By MATT COKER
By AIMEE MURILLO
By AMY NICHOLSON
By JONATHAN KIEFER
By INKOO KANG
By STEPHANIE ZACHAREK
By CALUM MARSH
Illustration by Bob AulSomewhere during the third hour of Disney's 84-minute America's Heart and Soul—the movie that reminds us it was stunt pilots and blind mountain climbers that made this country great—one finds oneself asking the inevitable: Is Michael Eisner out of his frigging mind?!
The man helped create the CEO as celebrity and, lo, just a decade or so ago, could do nothing wrong to the point that people cheered his idea of morphing a so-so movie into a so-so NHL team and, oh, by the way, revitalized the feature-length animated film to the point that the genre is a dominant moneymaker complete with its own Oscar category. Under Eisner, Disney became the epitome of corporate proficiency, and he so identified with it that he took over Walt Disney's role of introducing The Wonderful World of Disney each week.
He was brilliant, 'member?
But how long ago all that seems while sitting through this dreadfully cynical paean to America—where black people sing gospel and box in prison and whites are farmers and wear cowboy hats. And especially when in this same complex (Orange's Century Stadium 25, just 10 minutes down the street from Disneyland), Fahrenheit 9/11, the movie Eisner passed on distributing for fear of looking partisan, is playing to near-capacity crowds in two theaters. This early-evening showing of America was attended by myself and five others.
Now it seems Eisner can do nothing right. Remember a little something called California Adventure? Or that Disney-owned ABC has sunk to just above UPN depths? Or that no Disney movie this year has made as much as $20 million its opening weekend? Or that when that first Oscar for animation was given out in 2002, it was awarded to DreamWorks' Shrek. Yes, Disney had a huge hit last year with the Pixar-generated Finding Nemo, but not long after that, Pixar announced it would end its exclusive relationship (Toy Story; A Bug's Life; Monsters, Inc.; Nemo) with Disney.
That Eisner's star hasn't so much as dropped as veered into oncoming traffic makes you wonder if he isn't doing all of this on purpose. That perhaps Eisner long nursed a grudge against the Walt Disney Co. and rose Monte Cristo-like just to destroy it. It seems impossible the man who produced films that not only entertained but were also usually subversively smarter than the room could have ever thought America had anything to do with the America of the past 30 years, let alone the past three. A movie so cloying and out of touch that we're shown more people driving tractors than cars. There's not a single person shown behind a computer and nary an image of a suburb.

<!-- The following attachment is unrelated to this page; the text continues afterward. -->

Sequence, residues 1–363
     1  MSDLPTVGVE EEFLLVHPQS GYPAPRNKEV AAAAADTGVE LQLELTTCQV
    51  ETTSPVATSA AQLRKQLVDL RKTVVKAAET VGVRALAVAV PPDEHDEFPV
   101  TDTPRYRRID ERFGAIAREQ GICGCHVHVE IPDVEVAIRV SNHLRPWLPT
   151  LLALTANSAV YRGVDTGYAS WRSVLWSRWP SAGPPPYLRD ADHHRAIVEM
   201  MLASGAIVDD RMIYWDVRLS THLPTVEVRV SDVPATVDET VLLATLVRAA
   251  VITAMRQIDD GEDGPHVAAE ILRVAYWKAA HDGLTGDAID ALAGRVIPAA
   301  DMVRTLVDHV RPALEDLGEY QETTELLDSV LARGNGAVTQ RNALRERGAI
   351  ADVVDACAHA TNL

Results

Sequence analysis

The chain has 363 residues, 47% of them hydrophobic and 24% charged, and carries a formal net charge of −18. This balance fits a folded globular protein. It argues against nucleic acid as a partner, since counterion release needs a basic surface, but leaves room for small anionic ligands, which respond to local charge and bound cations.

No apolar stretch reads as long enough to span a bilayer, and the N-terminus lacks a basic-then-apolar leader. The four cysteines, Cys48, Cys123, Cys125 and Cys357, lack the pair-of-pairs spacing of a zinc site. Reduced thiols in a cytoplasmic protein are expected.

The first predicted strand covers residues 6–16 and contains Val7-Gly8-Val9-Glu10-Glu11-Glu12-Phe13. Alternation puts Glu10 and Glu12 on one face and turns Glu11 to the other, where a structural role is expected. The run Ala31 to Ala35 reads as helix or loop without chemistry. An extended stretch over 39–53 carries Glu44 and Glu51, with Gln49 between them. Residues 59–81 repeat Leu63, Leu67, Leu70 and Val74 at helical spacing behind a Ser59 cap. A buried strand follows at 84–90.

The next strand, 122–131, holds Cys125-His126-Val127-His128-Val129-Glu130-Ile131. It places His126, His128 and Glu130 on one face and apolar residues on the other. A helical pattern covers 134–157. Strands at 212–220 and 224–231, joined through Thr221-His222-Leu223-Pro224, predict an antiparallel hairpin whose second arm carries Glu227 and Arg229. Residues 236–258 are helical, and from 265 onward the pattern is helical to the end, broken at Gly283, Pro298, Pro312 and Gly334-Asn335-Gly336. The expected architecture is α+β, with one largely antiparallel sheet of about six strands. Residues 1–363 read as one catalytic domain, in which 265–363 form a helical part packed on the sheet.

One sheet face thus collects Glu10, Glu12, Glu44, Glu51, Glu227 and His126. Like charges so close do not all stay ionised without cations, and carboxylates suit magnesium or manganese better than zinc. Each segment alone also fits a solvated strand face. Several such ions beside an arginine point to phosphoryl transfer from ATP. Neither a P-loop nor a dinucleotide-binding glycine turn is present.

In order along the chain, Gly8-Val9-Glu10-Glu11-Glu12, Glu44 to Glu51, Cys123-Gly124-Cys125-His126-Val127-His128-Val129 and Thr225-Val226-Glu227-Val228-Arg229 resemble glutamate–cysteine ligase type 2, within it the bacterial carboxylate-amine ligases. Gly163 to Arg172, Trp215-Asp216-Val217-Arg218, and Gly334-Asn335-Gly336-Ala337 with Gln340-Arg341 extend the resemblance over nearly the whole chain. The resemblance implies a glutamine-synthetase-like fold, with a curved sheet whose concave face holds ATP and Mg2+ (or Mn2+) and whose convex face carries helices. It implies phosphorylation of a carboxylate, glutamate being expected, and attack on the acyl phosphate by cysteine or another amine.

If the movie is out of touch, then, increasingly, Disney seems to be as well. Well, that and sad. If you go to the America's Heart and Soulwebsite, you will be asked by Disney, the company that created the term synergy, to help them market the film by downloading fliers and e-mailing ads to friends—you know, the way kids push their friend's Goth band.
It hasn't worked. America took in just $200,000 its first week—Fahrenheit made $21 million its first weekend. Why isn't America seeing this film? Probably because Americans can sometimes spot crap; America's Heart and Soulhas the cheap sentimentality and look of a Wal-Mart commercial . . . or California Adventure. Or maybe because Americans are getting wise to the fact that lots of shots of majestic mountains and waving wheat, accompanied by shameless appeals to our national vanity, usually get us in trouble, and we end up somewhere bad, say, Iraq where, on July 8, the 1,000th coalition solider lost his life.
I dunno. Right now, entering Day Nine of this 84-minute movie, it hurts to think, and I don't think I can take much more. We're just being shown a Native American sitting in a drum circle —because that's all those people do—and he's praising the American bald eagle as the sign of "freedom." A quick recap: a Native American is calling the very symbol of the country that visited genocide upon his people a sign of freedom. Geez. I am seriously considering leaving. I can't help but wonder if Eisner is also.
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